DURHAM, N.C. - A strain of laboratory mice that has "superhealing" powers has been found to resist inflammation after a knee injury, and also to avoid developing arthritis at the injury site in the long term, according to researchers at Duke University Medical Center. Their findings illuminate the mechanisms of post-traumatic arthritis and could point to therapies for this condition, which commonly afflicts younger people who lose productivity during their prime working years.
"After a patient's traumatic injury, orthopaedic surgeons realign the joint surface as anatomically as possible and then hope for the best," said Steven A. Olson, MD, FACS, principal investigator of the post-traumatic arthritis project and chief of the Duke orthopaedic trauma section. "They haven't been thinking about why patients with injuries are subsequently getting arthritis. Our research examines how we could possibly prevent arthritis development with growth factors and anti-inflammatory therapies after a fracture, either before or at the time of the surgery to fix it."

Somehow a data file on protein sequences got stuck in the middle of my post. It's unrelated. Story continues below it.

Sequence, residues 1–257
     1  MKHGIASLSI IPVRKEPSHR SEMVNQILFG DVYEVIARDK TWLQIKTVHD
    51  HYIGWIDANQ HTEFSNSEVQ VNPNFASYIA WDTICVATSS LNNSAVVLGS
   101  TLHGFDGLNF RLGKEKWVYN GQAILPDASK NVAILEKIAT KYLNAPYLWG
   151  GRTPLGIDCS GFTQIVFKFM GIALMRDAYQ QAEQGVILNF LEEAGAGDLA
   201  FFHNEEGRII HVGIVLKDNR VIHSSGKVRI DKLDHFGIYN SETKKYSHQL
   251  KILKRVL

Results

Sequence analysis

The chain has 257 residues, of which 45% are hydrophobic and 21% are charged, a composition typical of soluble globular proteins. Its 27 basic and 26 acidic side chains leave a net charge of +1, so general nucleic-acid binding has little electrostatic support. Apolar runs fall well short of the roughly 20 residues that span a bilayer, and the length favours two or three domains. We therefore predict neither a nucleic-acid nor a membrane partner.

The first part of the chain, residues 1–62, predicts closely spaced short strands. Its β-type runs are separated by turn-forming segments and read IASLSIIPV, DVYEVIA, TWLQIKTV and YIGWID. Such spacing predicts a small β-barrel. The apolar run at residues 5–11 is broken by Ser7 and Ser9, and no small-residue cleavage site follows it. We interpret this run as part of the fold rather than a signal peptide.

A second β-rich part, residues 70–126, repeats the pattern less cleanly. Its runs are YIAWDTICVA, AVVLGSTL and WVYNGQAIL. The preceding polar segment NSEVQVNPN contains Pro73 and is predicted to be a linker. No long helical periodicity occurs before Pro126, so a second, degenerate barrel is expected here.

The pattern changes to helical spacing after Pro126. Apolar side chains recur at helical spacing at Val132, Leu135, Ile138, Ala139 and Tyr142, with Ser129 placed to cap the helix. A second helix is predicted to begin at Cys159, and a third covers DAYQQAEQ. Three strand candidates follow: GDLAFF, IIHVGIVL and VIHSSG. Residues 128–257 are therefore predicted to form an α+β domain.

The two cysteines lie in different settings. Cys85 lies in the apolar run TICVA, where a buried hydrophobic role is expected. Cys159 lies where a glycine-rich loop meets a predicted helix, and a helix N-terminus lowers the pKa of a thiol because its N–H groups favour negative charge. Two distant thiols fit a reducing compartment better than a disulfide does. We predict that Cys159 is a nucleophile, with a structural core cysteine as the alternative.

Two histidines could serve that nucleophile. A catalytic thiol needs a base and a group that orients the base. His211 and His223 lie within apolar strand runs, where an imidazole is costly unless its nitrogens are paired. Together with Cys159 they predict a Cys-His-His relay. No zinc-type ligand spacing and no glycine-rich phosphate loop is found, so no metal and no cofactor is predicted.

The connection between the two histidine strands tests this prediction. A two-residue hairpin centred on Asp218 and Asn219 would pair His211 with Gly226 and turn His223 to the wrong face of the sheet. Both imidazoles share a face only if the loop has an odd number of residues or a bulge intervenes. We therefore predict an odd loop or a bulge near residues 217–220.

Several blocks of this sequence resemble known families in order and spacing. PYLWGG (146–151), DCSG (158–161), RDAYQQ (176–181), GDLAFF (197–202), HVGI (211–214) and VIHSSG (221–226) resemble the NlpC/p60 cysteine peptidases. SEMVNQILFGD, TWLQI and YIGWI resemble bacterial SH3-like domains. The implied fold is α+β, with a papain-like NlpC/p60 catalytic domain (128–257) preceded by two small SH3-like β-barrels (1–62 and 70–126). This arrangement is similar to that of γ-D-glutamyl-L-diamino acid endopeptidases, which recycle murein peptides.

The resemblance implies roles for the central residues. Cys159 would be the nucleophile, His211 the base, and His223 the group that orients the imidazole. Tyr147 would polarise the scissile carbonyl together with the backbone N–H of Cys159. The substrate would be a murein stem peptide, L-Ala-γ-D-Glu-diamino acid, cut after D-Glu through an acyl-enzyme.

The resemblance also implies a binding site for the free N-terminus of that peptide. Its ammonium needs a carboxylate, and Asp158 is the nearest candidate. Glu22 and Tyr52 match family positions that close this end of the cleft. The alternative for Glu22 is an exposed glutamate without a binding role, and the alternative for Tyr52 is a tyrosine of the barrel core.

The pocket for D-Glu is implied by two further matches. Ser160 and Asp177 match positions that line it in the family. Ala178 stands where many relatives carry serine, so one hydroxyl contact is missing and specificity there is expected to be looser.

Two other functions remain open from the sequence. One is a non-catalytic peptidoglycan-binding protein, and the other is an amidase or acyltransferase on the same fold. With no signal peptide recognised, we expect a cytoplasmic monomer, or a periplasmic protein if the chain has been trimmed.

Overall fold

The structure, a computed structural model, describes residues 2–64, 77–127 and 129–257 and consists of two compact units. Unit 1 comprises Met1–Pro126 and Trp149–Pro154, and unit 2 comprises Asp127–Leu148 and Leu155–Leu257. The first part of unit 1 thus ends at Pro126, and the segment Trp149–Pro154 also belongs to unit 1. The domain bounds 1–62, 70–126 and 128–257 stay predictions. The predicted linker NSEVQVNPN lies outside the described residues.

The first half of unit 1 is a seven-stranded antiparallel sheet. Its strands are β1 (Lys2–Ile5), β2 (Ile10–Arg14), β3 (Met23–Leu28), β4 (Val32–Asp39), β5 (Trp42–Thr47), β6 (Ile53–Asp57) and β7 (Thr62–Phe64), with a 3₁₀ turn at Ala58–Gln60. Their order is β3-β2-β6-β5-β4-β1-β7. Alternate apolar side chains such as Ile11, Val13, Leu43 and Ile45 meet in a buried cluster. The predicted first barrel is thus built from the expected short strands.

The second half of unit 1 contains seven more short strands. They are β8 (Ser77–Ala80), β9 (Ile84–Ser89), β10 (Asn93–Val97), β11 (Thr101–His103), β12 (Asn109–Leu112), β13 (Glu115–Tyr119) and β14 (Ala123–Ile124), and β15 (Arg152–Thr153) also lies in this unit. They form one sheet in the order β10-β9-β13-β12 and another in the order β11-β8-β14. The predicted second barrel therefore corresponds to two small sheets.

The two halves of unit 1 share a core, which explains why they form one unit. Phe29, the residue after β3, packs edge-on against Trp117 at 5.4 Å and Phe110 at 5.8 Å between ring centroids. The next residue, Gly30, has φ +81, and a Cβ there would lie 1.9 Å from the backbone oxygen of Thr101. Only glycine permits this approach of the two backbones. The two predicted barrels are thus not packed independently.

Olson said 10 percent of all arthritis cases - about 4.6 million - are post-traumatic arthritis patients, many of whom suffer for years and are too young for joint replacement surgeries. The economic cost thus is about $12.8 billion annually for this group, according to Arthritis Foundation statistics.
The scientists examined the differences in inflammatory response between two types of mice: one type known as superhealers (or MRL/MpJ) versus a strain of control mice (C57BL/6).
Previously, scientists discovered that the superhealer mice had such regenerative powers that holes made in their ears for lab identification purposes grew over completely with no sign of scar tissue. Earlier work done at Duke showed no differences between healthy and fractured limbs when the superhealers healed from a fracture of the knee joint.
"The superhealer can almost regenerate tissue," sa
|Contact: Mary Jane Gore|
Duke University Medical Center